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derivatives and we shall determine the variation it undergoes by arbitrarily chosen variations , these latter being continuous functions of the coordinates. We have evidently

By means of the equations


this may be decomposed into two parts




The last equation shows that


if the variations and their first derivatives vanish at the boundary of the domain of integration.

§ 35. Equations of the same form may also be found if is expressed in one of the two other ways mentioned in § 33. If e.g. we work with the quantities we shall find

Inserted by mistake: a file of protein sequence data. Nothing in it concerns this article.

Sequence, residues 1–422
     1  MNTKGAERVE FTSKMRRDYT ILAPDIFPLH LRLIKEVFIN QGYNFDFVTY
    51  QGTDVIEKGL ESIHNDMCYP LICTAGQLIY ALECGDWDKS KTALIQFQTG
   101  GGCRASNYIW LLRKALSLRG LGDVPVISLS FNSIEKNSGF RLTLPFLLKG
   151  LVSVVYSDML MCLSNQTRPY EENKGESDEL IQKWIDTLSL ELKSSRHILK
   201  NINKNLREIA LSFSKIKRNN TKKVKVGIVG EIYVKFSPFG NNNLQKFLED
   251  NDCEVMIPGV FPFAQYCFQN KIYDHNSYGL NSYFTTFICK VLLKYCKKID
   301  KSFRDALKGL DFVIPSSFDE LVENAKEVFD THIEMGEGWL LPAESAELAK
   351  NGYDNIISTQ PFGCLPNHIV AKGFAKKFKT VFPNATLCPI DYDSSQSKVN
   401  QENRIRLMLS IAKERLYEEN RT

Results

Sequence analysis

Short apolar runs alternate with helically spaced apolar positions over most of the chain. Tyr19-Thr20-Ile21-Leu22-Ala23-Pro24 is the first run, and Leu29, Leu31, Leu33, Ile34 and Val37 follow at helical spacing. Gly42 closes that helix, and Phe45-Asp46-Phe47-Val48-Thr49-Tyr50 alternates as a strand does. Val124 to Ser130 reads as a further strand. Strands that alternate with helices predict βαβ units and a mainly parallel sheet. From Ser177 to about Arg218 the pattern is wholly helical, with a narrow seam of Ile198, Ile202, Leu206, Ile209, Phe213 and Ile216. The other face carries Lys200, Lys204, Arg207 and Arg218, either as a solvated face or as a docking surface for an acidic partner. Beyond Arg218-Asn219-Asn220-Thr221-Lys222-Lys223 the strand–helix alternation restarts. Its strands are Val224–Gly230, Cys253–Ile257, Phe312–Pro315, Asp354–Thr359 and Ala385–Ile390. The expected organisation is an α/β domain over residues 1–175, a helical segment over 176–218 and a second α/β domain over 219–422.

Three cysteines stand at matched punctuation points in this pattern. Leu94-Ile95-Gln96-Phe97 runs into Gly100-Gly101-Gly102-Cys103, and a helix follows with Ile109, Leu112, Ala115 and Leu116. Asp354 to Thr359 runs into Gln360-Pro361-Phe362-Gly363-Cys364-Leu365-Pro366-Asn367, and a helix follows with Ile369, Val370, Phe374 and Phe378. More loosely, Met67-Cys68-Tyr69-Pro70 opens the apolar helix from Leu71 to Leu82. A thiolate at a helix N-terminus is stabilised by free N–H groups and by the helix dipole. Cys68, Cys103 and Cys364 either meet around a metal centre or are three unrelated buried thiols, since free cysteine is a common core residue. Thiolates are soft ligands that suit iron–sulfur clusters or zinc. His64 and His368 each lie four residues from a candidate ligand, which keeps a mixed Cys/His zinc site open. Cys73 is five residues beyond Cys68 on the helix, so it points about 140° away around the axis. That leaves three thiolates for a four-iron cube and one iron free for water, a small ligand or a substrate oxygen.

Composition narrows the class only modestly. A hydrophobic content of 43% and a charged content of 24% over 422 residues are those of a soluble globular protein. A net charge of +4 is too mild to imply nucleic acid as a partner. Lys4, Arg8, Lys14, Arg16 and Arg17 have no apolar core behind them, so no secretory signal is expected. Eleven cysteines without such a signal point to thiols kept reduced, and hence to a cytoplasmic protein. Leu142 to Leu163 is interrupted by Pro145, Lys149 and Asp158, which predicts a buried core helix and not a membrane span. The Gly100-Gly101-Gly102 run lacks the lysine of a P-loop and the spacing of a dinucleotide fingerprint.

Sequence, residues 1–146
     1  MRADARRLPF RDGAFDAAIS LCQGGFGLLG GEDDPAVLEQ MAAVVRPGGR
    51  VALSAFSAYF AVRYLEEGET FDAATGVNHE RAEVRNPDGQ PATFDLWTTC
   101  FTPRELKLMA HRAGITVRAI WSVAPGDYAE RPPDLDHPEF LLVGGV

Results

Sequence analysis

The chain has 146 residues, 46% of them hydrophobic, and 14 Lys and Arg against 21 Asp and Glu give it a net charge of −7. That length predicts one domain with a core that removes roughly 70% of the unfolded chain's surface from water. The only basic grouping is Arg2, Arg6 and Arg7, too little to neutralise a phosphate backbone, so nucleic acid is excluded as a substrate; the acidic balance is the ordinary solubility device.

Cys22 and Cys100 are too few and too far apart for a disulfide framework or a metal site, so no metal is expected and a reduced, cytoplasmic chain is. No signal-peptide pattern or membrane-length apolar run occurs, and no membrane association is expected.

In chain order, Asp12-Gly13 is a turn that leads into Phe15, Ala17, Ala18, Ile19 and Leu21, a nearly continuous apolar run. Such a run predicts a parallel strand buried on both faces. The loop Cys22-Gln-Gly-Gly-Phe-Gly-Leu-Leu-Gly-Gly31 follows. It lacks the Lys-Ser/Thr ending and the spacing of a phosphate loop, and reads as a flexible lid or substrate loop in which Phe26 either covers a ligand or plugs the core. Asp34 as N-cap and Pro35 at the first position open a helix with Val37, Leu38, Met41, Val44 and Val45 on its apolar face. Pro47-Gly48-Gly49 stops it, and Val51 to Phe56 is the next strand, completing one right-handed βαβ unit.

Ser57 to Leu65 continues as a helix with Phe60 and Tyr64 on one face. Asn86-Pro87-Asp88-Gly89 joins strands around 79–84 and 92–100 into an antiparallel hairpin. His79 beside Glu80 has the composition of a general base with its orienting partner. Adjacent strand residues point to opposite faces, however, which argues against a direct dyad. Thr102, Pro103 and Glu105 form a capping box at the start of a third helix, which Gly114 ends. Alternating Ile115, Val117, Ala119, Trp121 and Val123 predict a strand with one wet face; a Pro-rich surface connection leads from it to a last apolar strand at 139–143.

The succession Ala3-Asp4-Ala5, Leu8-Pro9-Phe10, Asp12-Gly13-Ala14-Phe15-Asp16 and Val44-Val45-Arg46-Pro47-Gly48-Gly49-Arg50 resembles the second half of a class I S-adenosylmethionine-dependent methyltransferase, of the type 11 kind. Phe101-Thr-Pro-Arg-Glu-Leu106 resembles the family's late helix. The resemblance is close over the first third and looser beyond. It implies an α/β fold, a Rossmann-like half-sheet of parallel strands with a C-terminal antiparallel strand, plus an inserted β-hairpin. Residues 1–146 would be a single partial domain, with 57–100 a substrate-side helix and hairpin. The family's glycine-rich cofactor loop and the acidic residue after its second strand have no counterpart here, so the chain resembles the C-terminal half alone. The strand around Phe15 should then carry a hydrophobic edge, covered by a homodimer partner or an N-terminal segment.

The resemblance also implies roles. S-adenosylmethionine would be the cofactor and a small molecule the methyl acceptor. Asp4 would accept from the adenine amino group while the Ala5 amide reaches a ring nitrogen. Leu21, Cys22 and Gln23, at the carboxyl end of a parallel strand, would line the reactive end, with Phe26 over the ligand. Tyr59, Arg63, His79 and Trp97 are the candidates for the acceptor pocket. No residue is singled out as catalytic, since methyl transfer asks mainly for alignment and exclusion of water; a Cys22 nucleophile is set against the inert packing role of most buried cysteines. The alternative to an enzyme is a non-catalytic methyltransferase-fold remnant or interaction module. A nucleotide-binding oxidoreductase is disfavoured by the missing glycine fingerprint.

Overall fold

where and are directly found from (43) and (44) by replacing , , , and etc. by , etc. If the variations chosen in the two cases correspond to each other we shall have of course

Moreover we can show that the equalities

exist separately.[1]

  1. Suppose that at the boundary of the domain of integration and . Then we have also and , so that

    and from